Wednesday, November 14, 2012
U.S. To Use Intelligence Agencies To Fight African Poachers
Last week, the battle against these poachers took an unexpected turn when U.S. Secretary of State Hillary Clinton announced that she, and President Obama, were instructing the U.S. intelligence community to turn their formidable skills towards helping fight these actions. In a meeting with conservationists, ambassadors and other world leaders, Clinton called for the creation of a new, unified global strategy to combat poaching, which has grown into a big business thanks to the demand for ivory and rhino hors, which are used in traditional medicines in China and other Asian countries. She also pledged $100,000 to help fund a new enforcement initiative as well.
Because these black market activities are international in scope, crossing numerous borders and spread out across multiple continents, employing U.S. intelligence assets seems like a good idea. Bringing the CIA and NSA into the fight signals two things, first the U.S. is finally getting serious about ending poaching and secondly, the Obama administration must see the illegal hunting and harvesting of these animals as a potential threat to the security of U.S. interests abroad. Considering the fact that many of the poachers are rebels or rogue militias who sell ivory and other illegal goods to fund their campaigns against local governments, it is easy to see how someone could make that leap.
While I'm happy to see that the U.S. putting its vast intelligence network to use, I would have liked to have seen more than $100,000 pledged to help creating this new "global strategy" for ending illegal poaching. That's barely a drop in the bucket compared to how we often spend our international aid money, and the poachers themselves pull in more than that from the sale of a few tusks or rhino horns. Because they are making so much cash, these outlaws now come armed with advanced weaponry and often go hunting for their prey from helicopters. If local anti-poaching units are going to be able to fight back, they need to be better armed, equipped and trained themselves. Something that requires yet more funding.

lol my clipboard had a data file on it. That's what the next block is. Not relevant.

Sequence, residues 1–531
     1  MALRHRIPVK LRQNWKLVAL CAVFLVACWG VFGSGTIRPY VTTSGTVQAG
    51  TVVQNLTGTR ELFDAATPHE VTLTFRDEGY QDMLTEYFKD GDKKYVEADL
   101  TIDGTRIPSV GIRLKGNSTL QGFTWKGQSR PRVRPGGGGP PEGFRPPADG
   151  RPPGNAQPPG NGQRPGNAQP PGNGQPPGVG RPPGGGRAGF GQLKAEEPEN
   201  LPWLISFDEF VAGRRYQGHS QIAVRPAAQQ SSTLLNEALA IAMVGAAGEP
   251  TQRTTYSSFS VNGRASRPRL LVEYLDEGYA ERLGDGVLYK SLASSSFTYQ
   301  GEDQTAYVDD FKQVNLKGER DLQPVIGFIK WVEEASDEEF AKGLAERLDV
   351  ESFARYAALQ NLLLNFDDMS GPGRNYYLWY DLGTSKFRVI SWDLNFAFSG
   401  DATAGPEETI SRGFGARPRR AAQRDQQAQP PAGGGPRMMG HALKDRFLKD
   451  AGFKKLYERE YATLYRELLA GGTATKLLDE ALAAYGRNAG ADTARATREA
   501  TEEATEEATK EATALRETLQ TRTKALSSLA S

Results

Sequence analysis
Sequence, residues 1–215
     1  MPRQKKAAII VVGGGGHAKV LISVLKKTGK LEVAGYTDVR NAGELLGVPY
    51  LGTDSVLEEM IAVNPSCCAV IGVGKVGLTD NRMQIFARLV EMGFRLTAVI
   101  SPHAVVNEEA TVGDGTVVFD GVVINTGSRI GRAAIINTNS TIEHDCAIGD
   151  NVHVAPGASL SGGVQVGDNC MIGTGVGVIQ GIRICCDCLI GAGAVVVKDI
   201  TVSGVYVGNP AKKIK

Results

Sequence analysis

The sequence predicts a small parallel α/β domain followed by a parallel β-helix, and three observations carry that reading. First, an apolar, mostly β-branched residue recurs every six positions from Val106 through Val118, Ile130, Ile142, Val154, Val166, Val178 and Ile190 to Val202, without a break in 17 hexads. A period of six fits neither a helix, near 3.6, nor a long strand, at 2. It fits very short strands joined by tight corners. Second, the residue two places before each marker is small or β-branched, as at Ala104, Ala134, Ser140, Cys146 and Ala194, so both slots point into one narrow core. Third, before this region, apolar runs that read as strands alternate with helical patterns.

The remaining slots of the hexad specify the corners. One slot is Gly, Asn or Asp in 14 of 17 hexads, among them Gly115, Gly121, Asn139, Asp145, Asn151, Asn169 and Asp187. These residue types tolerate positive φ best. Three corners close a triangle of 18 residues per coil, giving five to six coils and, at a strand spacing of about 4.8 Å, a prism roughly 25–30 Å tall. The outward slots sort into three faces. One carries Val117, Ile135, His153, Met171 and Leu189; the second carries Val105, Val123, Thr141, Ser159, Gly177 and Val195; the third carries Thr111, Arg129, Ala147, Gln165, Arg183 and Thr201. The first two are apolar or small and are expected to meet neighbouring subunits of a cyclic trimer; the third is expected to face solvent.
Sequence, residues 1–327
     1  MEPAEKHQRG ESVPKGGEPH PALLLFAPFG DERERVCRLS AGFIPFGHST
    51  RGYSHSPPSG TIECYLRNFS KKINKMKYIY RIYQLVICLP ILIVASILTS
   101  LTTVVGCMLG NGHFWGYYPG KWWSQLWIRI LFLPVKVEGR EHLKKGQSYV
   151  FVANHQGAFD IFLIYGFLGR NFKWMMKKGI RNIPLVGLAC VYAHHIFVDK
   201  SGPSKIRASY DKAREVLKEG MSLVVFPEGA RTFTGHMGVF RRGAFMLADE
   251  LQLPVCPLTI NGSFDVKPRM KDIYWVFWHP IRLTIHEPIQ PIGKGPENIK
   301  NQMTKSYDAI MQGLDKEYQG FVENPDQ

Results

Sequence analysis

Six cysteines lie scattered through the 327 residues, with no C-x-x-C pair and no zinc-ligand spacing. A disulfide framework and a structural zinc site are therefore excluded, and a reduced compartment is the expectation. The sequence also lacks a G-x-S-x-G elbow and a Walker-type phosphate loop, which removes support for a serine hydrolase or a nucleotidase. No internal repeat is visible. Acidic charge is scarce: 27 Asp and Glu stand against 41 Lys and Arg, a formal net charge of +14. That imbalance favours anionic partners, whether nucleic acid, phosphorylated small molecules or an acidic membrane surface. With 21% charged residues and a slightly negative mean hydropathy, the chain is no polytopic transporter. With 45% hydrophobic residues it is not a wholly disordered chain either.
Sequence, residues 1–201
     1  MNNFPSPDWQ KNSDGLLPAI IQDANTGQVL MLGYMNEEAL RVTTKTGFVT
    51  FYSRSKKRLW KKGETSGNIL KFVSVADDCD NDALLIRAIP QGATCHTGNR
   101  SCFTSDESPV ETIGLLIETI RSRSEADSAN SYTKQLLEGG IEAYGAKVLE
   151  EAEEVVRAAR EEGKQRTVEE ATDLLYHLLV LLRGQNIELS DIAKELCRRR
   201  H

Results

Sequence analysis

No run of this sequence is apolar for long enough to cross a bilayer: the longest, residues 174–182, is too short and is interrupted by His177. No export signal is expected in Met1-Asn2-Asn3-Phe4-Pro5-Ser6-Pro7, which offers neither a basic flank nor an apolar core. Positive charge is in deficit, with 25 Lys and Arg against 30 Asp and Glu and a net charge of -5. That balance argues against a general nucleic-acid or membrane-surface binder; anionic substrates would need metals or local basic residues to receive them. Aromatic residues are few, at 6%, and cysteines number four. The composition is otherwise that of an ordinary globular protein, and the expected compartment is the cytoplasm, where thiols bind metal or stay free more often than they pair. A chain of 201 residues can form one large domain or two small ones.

Still, this is at least a start and I acknowledge that it is a good thing that the U.S. government has decided to take a stand on this incredibly important issue. Elephants and rhinos are being killed off at an alarming rate and it has gotten so bad that they are now extinct in certain parts of Africa. To give you an idea of just how awful this situation has gotten, the Washington Post estimates that more than 10,000 elephants are killed in Tanzania alone each year. That's a scary number for sure.
Perhaps I'm more sensitive to this topic than others as I have seen these animals up close in the wild. On one of my visits to Kruger National Park in South Africa last year, I came across a large breeding heard of elephants wandering through the wilderness. My companions and I sat and watched them wander past us, enjoying the way they interacted with one another in a playful and loving way. Elephants are extremely intelligent creatures who greet each other, care for one another and even mourn the loss of those that are close to them. Seeing it in person makes that a very personal experience that is hard to convey but remains very powerful none the less.
It will be interesting to see where these new efforts go and how U.S. intelligence assets can assist in ending the poaching. Hopefully they'll not only be able to track shipments of ivory and rhino horns, preventing them from reaching buyers in Asia, but also perhaps locate those buyers themselves. The only way to truly end the illegal trade of these goods, in my opinion, is to stamp out demand.
Perhaps we need to do a little poaching of our own.